Right this minute we can plainly see the Democrats making every possible effort to take away the civil rights of Judge Kavanaugh. We see even Republicans saying that they won't vote for his confirmation unless he allows this.
  #80  
Old September 21st 18, 05:28 PM posted to rec.bicycles.tech
AMuzi
external usenet poster
 
Posts: 9,723
Default Official pedal cyclist road deaths in 2016 ex DOT/NHTSA/FARS(Fatality Analysis Reporting System)

On 9/21/2018 11:14 AM, wrote:
On Thursday, September 20, 2018 at 7:14:18 AM UTC-7, jbeattie wrote:
On Thursday, September 20, 2018 at 2:18:28 AM UTC-7, Andre Jute wrote:
On Thursday, September 20, 2018 at 1:43:47 AM UTC+1, AMuzi wrote:
On 9/19/2018 7:26 PM, Radey Shouman wrote:
jbeattie writes:

On Wednesday, September 19, 2018 at 10:02:04 AM UTC-7, Andre Jute wrote:
On Wednesday, September 19, 2018 at 4:40:32 PM UTC+1, jbeattie wrote:

I don't even get why the lunatic right would hate on Janet Reno.
If she was a tyrant who tortured prisoners, she should be the
poster-girl of the hell-fire and brimstone set.

-- Jay Beattie.

You should ask a member of the lunatic right to explain that to
you. Don't forget to report here so we can all have a giggle.

If you doubt that Reno tortured prisoners, I've already given you a
vivid, uncontested example in this thread. If you think you know
better, disprove it. Where one finds one example of such brutality,
there are usually many more examples to be discovered by any
competent investigator. It's not my problem if your media has
betrayed its obligation to truth, and to you.

Well, your media is betraying you, too:
http://blogs.brown.edu/pols-1821t-20...Walk_Myths.pdf

And why are we debating the past -- and particularly a past that was
well-known when Janet Reno was unanimously confirmed by the Senate?
Was the FBI not doing its job? The Senate Judiciary Committee not
doing its job? The Office of Government Ethics? The staff of every
senator of both parties? Even the IRS is part of the vetting
process. She was vetted more thoroughly than El Presidente Trump. Why
does every internet ****** think they know more than two branches of
the federal government?

The demonic preschool moral panic of the 80s and 90s was not one of our
brighter episodes, with all of the craziness of the Salem witch trials
and much less excuse. I'm not sure whose job it was to prevent the use
of public money to prosecute nursery school operators for sodomizing
kiddies with butcher knives on the moon, absent any physical evidence
whatsoever, but a voice of reason from somewhere in government would
have been nice.

What actually happened is that a number of those fine, upstanding, law
school graduates siezed on it as an opportunity for advancement. When I
first moved to Massachusetts I was amazed to discover that Scott
Harshbarger, the DA who prosecuted the ridiculous Fells Acres case, was
running for governor. Fortunately he was defeated, but narrowly.

More recently Martha Coakley tried to parlay her experience in witch
hunting into a run for governor. She cut her legal teeth on the Fells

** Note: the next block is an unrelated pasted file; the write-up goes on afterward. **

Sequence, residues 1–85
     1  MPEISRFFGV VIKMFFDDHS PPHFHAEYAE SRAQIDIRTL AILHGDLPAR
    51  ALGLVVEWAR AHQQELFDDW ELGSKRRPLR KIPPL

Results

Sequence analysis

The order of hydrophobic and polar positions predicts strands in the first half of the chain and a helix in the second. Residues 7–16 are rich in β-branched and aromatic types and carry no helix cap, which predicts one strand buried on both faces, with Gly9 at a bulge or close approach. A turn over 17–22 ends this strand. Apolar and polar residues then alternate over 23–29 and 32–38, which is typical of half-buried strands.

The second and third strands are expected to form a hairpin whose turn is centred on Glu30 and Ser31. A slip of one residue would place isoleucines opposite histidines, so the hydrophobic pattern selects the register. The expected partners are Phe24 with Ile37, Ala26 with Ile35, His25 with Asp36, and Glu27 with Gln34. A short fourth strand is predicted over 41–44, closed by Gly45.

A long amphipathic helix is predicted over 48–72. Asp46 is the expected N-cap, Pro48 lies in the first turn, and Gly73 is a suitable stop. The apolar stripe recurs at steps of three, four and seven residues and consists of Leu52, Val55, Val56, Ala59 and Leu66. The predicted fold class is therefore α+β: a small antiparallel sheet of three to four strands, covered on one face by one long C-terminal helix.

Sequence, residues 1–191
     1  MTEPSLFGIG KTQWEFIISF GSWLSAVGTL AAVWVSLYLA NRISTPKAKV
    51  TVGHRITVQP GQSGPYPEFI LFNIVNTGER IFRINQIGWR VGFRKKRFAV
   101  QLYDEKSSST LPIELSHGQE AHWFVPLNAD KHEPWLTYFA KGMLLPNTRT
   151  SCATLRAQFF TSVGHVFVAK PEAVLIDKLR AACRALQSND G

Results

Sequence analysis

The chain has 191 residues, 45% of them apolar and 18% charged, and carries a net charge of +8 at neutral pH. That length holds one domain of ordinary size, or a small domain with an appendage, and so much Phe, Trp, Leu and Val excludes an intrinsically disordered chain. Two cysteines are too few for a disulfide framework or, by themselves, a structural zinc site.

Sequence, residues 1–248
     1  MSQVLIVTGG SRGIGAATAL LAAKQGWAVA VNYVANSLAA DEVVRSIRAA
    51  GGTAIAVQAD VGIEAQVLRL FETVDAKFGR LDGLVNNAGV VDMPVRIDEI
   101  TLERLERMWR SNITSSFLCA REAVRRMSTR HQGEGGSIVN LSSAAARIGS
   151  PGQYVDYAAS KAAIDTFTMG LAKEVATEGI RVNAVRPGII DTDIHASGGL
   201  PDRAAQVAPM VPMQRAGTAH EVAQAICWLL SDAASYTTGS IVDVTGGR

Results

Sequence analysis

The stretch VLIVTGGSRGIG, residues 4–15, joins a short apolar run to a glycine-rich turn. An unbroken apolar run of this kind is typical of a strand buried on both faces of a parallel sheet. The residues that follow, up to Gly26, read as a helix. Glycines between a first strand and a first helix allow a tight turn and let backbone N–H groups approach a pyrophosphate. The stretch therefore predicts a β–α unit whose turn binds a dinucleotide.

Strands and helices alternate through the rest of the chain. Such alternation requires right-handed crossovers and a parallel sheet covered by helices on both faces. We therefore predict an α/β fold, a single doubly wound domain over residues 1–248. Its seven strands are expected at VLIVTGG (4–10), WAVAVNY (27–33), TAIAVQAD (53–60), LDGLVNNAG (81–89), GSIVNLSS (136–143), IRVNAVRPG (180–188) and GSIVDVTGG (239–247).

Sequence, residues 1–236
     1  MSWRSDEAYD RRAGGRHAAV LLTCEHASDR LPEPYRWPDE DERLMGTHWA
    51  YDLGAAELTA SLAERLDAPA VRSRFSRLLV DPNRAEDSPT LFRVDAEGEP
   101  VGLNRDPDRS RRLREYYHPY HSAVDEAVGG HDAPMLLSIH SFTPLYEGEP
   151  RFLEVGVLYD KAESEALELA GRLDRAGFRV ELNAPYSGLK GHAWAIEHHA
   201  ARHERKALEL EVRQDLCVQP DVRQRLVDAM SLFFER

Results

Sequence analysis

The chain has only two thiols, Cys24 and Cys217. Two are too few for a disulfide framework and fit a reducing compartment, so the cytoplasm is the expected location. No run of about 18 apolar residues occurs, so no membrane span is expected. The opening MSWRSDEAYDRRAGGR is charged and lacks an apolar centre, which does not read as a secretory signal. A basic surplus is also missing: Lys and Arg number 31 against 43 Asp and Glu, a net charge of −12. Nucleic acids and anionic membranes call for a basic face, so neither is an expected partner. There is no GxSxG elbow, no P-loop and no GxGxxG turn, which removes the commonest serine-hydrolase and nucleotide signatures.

Acres case and continued to work, as AG, to keep Gerald Amirault, a man
convicted in it, behind bars long after it should have become obvious
what lunacy it was. Happily, she lost as well.


Dorothy Rabinowitz blew the crazy prosecution cult wide
open. But not for her it would have never ended.

http://www.famous-trials.com/mcmartin/940-daycareabuse

Justice was never served; innocents were abused down to
death and until today as the wrongs resisted righting.


There's a National Registry of Exonerations at the U of Michigan Law School that makes frightening reading. You can get a sampling by clicking anywhere on this interactive guide:
https://www.law.umich.edu/special/ex...tates-Map.aspx
and find your way from there to deeper discussions.


Every human endeavor has an error rate, and errors are usually determined in hindsight and often after the science has settled. That was the situation in some of the child abuse cases. The prosecutors believed what their experts were telling them, what parents and children were telling them and what the public was demanding. It's not hard to believe that abuse occurs -- the Catholic Church proves the point, and a prosecutor could in good faith purse an abuse case later determined to be a hoax.

You have to differentiate between prosecutions that were mistaken and those that were pursued with knowledge that the defendant was innocent or without regard to guilt or innocence. I think the latter are very, very rare. I've seen plenty of the former in the civil context -- entire waves of lawsuits based on bad science regarding breast implants, EMF, Bendectin, etc.


We can't argue with that. But don't you think that statement isn't a bit idealistic?

Right this minute we can plainly see the Democrats making every possible effort to take away the civil rights of Judge Kavanaugh. We see even Republicans saying that they won't vote for his confirmation unless he allows this.


It's gone through the looking glass. Now, she says she will
speak only some day(s) after he addresses her claim(!) and
only if he's not there.

Only a short step to 'execution first, trail later'

--
Andrew Muzi
www.yellowjersey.org/
Open every day since 1 April, 1971